Most American consumers say they recycle even though only a small percentage of them believe that materials actually get recycled, according to a recent survey from major carton manufacturing companies.
The Carton Council, composed of Elopak, SIG Combibloc, Evergreen Packaging, and Tetra Pak, commissioned the national survey. Independent polling firm Mason-Dixon conducted the research on the council’s behalf.
This week the Carton Council reported that 85% of survey respondents say they recycle even though 65% of them are either unsure what happens to their materials or don’t believe that the materials are even being recycled.
In addition to demonstrating American support for recycling, the research found that support is highest among the youngest people surveyed. Of American respondents ages 18 to 34, 92% reported that they recycle, the council said.
“As age increases, support decreases slightly with 89% of 35- to 49-year-olds, 87% of 50- to 64-year-olds, and 68% of those 65 and older reporting they recycle,” the survey found.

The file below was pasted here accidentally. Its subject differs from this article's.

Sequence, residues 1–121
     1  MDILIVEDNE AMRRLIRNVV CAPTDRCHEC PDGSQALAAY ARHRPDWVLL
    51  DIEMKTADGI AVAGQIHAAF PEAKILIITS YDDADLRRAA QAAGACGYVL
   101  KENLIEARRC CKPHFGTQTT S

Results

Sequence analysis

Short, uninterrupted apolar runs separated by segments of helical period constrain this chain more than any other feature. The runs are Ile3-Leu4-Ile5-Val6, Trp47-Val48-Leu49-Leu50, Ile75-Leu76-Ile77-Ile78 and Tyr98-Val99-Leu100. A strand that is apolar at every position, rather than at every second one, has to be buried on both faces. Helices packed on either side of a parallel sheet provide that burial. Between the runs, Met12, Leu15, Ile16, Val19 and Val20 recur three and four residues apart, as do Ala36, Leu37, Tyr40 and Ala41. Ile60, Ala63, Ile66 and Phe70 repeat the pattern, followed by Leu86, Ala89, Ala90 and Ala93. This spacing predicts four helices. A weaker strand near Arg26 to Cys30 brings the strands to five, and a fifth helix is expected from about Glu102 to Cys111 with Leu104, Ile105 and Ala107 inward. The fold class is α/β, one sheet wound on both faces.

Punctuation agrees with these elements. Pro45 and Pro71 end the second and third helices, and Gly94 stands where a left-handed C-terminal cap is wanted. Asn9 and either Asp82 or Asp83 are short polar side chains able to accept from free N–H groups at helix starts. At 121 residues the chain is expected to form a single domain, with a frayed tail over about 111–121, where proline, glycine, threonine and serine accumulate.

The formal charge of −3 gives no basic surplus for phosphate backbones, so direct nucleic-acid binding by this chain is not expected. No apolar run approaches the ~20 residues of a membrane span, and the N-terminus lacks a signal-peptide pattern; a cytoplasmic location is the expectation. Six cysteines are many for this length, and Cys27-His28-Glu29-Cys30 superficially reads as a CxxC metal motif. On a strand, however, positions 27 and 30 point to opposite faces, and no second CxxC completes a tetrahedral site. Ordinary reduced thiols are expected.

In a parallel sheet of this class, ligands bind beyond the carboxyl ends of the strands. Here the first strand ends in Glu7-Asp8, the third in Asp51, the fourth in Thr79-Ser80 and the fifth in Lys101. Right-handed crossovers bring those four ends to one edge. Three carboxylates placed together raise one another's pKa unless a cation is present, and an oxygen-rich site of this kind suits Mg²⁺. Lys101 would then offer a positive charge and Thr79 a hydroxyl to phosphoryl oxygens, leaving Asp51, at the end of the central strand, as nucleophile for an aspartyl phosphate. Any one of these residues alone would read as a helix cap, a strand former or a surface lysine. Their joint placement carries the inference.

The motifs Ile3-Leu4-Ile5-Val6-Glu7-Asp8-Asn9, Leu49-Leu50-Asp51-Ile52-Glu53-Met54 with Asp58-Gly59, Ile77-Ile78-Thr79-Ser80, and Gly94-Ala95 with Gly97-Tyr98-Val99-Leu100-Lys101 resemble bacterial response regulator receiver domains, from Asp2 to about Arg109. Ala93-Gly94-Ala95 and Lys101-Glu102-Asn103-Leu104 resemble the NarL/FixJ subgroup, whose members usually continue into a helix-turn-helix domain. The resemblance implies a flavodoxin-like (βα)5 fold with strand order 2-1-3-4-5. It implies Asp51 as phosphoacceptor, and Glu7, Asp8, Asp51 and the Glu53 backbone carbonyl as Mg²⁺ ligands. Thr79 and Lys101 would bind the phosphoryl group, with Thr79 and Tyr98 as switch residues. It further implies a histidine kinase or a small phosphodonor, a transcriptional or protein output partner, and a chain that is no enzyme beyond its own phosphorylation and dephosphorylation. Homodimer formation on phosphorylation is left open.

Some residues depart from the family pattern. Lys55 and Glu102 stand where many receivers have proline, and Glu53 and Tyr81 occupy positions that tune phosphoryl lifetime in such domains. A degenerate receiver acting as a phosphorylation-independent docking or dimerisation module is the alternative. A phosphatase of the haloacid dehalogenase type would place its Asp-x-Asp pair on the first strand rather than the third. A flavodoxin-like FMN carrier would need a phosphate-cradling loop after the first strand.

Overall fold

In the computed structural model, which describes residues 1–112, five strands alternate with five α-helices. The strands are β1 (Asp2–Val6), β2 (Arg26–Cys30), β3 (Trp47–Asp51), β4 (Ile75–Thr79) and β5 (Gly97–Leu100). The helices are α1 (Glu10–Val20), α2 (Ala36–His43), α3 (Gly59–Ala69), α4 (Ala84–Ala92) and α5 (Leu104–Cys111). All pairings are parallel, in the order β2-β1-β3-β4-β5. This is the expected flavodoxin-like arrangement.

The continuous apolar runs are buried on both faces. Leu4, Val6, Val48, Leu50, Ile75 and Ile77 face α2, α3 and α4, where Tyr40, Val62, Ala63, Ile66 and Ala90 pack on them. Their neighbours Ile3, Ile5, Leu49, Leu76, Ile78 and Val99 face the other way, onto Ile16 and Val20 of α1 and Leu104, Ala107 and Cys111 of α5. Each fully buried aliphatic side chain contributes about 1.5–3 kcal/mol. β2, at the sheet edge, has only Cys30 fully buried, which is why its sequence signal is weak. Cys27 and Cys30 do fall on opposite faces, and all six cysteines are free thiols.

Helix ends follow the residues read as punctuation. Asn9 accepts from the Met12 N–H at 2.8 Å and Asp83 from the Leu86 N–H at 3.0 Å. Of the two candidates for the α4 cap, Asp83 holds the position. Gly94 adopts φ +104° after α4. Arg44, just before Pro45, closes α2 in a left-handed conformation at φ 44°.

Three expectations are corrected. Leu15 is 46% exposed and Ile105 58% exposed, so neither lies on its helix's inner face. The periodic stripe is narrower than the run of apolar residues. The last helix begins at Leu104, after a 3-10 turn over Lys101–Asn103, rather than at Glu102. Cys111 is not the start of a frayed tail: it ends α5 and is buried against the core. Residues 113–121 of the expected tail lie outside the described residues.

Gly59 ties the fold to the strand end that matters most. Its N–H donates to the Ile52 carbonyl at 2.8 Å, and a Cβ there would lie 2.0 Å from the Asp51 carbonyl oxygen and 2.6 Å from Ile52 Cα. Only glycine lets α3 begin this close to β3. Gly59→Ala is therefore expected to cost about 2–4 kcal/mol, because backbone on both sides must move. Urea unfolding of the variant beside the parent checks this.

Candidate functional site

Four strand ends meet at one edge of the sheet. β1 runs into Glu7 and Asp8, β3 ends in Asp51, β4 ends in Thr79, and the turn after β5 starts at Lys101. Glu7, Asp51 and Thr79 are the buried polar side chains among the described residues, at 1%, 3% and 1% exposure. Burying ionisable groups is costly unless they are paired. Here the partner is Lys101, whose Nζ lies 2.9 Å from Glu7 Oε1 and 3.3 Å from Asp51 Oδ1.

The results show that the majority of Millennials and Gen Z support recycling despite recent negative publicity, said Carla Fantoni, VP of communications for the Carton Council.
“While recycling is currently facing challenges that began with turmoil stemming from the China restrictions and bans, it is a cyclical industry and we are seeing investments in both materials recovery facilities and end markets,” she added.
Formed about a decade ago, the Carton Council works on collaborative solutions to divert cartons from the landfill. In addition, the group seeks to build a sustainable infrastructure for nationwide carton recycling with the goal of adding access throughout the United States.
In 2008, only 18% of American households could recycle their cartons, the council’s site says. Today, more than 60% have access to carton recycling, according to the Carton Council’s data.
Still, the latest survey reinforces that the industry needs to work together to ensure that recycling is actually occurring — and show consumers what actually happens to recyclables, Fantoni said.